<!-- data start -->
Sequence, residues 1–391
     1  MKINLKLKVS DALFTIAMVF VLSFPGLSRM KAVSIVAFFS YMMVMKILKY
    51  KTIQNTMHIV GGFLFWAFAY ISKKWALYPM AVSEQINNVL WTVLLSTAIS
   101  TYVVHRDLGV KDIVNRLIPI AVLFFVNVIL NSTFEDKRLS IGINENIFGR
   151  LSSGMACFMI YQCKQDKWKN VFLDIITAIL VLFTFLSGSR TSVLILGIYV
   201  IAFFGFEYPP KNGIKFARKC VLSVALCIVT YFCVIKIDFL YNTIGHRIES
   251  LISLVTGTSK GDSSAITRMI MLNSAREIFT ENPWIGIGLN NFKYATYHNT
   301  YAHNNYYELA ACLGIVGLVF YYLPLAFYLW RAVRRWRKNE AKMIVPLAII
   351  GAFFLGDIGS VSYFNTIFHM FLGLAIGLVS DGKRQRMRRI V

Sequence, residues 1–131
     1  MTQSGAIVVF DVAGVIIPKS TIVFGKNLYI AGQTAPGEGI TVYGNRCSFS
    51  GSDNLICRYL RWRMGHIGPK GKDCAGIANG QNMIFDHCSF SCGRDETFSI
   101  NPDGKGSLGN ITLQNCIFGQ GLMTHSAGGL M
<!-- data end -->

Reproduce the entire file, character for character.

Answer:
Sequence, residues 1–391
     1  MKINLKLKVS DALFTIAMVF VLSFPGLSRM KAVSIVAFFS YMMVMKILKY
    51  KTIQNTMHIV GGFLFWAFAY ISKKWALYPM AVSEQINNVL WTVLLSTAIS
   101  TYVVHRDLGV KDIVNRLIPI AVLFFVNVIL NSTFEDKRLS IGINENIFGR
   151  LSSGMACFMI YQCKQDKWKN VFLDIITAIL VLFTFLSGSR TSVLILGIYV
   201  IAFFGFEYPP KNGIKFARKC VLSVALCIVT YFCVIKIDFL YNTIGHRIES
   251  LISLVTGTSK GDSSAITRMI MLNSAREIFT ENPWIGIGLN NFKYATYHNT
   301  YAHNNYYELA ACLGIVGLVF YYLPLAFYLW RAVRRWRKNE AKMIVPLAII
   351  GAFFLGDIGS VSYFNTIFHM FLGLAIGLVS DGKRQRMRRI V

Sequence, residues 1–131
     1  MTQSGAIVVF DVAGVIIPKS TIVFGKNLYI AGQTAPGEGI TVYGNRCSFS
    51  GSDNLICRYL RWRMGHIGPK GKDCAGIANG QNMIFDHCSF SCGRDETFSI
   101  NPDGKGSLGN ITLQNCIFGQ GLMTHSAGGL M